Revenue recognition principle

Revenue is the income of a business earned from its normal business activities and is often considered as one of the key performance indicators of the business. Revenue recognition principle is an important principle of accounting which requires that revenue should be recorded as and when the performance obligation is satisfied, such as promised goods are delivered to the customer or promised services are rendered to the customer, and the consideration for the performance obligation can be measured reliably.

It is worth noting that there is nothing mentioned about the cash receipt related to revenue. Revenue is recognized as per accrual concept and its recognition is linked with earning of income by satisfying the performance obligations regardless of the related cash receipt status. For instance, Company XYZ has agreed with its customer that payment for the sale of goods can be made after 30 days of the delivery of goods. Company XYZ has sold and delivered some goods to its customer on 1 September but has not received cash against it. Cash is received on 30 September. When should the revenue be recorded? As per revenue recognition principle, it should be recorded on 1 September, when the promised goods are delivered to the customer.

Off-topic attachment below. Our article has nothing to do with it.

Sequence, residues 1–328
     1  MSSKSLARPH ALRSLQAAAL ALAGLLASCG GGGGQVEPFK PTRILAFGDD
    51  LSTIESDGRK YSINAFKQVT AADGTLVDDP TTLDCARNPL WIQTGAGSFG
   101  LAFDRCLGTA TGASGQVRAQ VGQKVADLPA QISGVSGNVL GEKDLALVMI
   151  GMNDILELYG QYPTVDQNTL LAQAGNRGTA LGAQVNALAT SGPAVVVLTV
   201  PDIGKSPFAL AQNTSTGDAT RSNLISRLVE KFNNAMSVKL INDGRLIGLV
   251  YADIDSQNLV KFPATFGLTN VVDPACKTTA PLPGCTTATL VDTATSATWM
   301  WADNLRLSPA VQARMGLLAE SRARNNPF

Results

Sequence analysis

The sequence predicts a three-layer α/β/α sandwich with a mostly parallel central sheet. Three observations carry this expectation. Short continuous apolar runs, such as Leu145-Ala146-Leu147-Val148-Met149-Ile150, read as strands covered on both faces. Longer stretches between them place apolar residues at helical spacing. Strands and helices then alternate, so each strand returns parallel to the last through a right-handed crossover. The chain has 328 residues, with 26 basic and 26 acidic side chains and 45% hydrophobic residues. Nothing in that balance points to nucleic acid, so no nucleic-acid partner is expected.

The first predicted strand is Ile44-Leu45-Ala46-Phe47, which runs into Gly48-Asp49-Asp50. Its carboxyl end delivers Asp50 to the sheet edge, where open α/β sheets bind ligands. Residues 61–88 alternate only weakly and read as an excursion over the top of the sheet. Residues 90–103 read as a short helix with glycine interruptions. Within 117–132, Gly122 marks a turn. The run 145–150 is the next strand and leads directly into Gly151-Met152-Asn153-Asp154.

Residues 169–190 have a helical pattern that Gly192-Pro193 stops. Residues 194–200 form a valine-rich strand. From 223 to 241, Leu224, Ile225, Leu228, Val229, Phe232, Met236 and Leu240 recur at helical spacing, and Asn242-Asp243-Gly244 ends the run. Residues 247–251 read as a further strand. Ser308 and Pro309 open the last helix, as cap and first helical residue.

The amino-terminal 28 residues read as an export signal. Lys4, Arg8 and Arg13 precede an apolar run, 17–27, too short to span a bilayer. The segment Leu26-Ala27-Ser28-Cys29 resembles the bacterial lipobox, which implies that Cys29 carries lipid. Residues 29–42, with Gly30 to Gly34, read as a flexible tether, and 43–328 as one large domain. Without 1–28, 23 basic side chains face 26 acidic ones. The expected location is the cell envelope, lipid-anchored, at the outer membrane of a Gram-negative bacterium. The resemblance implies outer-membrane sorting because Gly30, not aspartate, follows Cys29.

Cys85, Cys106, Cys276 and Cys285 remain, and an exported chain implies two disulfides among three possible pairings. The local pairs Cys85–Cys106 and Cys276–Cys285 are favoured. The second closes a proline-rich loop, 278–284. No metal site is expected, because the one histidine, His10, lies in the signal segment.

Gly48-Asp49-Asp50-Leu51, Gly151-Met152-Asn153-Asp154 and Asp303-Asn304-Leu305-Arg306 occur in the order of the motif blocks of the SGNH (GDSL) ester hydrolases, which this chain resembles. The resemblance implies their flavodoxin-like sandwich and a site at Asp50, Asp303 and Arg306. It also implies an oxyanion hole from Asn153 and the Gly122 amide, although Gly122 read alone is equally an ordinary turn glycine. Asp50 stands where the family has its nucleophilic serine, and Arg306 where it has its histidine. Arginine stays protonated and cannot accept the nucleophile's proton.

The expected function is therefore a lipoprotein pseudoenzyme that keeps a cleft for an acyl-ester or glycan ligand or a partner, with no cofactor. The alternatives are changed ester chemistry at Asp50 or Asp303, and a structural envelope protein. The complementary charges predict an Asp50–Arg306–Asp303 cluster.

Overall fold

Let’s take a look at another example which will clarify the logic behind this principle. A Company has been awarded a contract for the construction of a road. Total contract value is $300,000 and is expected to be completed in three years due to difficult mountain terrain. It is agreed that the Company will use its own funds to construct the road and will be paid full amount at the time of completion of the project. If the revenue is recorded according to cash basis of accounting, all of the revenue will be recorded in third year and there will be no revenue in the first two years, which is not the true representation of the performance of the Company. As the Company is working on the project, it is continuously satisfying its performance obligation and revenue should be recorded on the basis of percentage of completion. For instance at the end of first year, 30% project is completed, at the end of second year, 70% project is completed and at the end of third year, 100% project is completed. Revenue should be recorded as follows:

  • Year 1: Revenue of $90,000 should be recorded
  • Year 2: Revenue of $120,000 should be recorded
  • Year 3: Revenue of $90,000 should be recorded

Similarly, if the payment for sale of goods or services is received in advance, it should be treated as a liability of an entity and revenue should be recorded only when related goods are delivered or related services are rendered to the customer.